Date of Award

Spring 5-13-2016

Degree Type

Dissertation

Degree Name

Ph.D.

Degree Program

Urban Studies

Department

School of Urban and Regional Studies

Major Professor

Pamela Jenkins

Second Advisor

Bethany Stich

Third Advisor

David L. Gladstone

Fourth Advisor

Peter Scharf

Abstract

New Orleans experienced elevated homicide rates throughout the 30 years between 1985 and 2015. The city’s homicides were especially prominent in socioeconomically disadvantaged communities. This study explored the lived experiences of residents from one such neighborhood, Hollygrove. Using qualitative methods of individual interviews, focus groups, and participant observation, the study explored homicide through three prominent theoretical lenses, Social Disorganization Theory, Subcultural theories, and Institutional Anomie Theory, to better understand the conditions in a high-homicide neighborhood that help to explain neighborhood-level violence. While existing theories of homicide causation have taken a predominately quantitative approach that compare high-homicide neighborhoods, I took an ethnographic approach informed by a social constructivist paradigm to test existing theories against the lived experiences of those whose daily lives were impacted by neighborhood-level homicide in a single community. Interviews were conducted with neighborhood residents, community leaders, neighborhood politicians, and police officials.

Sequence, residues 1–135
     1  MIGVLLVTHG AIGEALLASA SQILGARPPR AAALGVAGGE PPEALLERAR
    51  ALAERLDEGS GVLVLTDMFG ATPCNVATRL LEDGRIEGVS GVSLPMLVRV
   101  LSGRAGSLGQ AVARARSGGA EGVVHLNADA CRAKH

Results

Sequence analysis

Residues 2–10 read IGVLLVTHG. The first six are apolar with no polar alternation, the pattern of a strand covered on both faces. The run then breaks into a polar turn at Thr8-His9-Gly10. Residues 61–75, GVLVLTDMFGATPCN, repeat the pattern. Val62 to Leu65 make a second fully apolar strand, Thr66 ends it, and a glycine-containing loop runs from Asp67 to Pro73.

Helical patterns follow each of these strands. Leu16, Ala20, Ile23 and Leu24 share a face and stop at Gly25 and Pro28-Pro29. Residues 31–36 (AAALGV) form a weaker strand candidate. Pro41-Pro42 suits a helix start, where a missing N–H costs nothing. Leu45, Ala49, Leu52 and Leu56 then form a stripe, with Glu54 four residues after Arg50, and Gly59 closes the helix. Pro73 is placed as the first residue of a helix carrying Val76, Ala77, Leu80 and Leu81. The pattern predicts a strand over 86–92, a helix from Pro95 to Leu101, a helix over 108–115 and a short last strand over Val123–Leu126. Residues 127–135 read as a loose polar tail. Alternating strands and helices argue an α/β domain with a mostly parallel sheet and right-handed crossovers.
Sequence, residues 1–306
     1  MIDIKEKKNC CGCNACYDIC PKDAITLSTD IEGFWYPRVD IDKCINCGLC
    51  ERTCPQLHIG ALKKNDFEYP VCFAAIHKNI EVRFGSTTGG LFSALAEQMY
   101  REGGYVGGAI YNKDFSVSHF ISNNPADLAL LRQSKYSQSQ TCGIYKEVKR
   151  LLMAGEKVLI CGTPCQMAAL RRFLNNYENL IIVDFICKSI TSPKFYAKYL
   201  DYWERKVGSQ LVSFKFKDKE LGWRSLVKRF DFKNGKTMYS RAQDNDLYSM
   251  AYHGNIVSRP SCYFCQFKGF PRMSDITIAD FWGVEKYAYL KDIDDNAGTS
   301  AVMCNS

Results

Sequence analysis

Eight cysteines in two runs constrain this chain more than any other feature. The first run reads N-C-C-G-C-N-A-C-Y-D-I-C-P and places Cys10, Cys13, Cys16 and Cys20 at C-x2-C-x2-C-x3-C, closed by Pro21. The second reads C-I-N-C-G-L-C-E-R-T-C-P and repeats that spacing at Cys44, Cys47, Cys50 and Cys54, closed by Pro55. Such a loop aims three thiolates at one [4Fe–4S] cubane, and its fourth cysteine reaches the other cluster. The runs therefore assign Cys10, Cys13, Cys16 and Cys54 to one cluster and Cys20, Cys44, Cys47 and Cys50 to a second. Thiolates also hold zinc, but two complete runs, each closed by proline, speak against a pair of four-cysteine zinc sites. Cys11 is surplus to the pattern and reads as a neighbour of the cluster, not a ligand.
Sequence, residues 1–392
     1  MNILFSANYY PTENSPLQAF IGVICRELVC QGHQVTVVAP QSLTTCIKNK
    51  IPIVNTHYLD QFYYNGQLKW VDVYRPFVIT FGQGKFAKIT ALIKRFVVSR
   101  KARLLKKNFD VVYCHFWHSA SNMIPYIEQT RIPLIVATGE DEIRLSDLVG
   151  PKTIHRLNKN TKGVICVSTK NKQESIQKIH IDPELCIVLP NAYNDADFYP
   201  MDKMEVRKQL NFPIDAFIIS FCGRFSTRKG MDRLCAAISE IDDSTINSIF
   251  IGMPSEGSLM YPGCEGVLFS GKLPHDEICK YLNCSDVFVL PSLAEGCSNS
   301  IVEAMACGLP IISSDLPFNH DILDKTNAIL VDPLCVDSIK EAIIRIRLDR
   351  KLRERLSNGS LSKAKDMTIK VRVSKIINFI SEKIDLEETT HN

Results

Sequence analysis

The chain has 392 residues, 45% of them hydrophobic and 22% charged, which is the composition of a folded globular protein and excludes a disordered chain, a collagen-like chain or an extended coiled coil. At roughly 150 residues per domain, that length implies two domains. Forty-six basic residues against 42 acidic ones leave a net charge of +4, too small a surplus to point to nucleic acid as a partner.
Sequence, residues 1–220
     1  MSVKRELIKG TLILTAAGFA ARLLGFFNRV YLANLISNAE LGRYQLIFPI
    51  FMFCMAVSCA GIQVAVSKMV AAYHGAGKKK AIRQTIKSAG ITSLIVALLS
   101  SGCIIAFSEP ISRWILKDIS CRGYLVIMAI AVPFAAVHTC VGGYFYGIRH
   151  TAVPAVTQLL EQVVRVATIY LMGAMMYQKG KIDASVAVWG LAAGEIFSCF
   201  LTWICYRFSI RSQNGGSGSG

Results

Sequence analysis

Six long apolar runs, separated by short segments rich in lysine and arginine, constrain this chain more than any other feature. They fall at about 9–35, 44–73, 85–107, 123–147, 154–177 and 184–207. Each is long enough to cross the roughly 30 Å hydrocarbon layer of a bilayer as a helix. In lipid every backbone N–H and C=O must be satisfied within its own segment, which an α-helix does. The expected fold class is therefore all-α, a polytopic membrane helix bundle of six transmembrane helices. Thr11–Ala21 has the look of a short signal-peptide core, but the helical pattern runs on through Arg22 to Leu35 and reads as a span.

The data indicated three conditions connected to high- or low-homicide risk in the community. The neighborhood’s values-orientation moved between subcultural values and prosocial values. Structural conditions in the community shifted between marginalization and enhanced social capital. Finally, neighborhood boundaries were found to vacillate between porous and rigidly defensive. Each of these conditions impacted the neighborhood’s ability to enact collective efficacy and to create a milieu that either resisted or enhanced the likelihood of homicide. While none of the existing theories was sufficient to explain neighborhood homicide, elements of each were present in the data.


Rights

The University of New Orleans and its agents retain the non-exclusive license to archive and make accessible this dissertation or thesis in whole or in part in all forms of media, now or hereafter known. The author retains all other ownership rights to the copyright of the thesis or dissertation.

Available for download on Thursday, May 13, 2021

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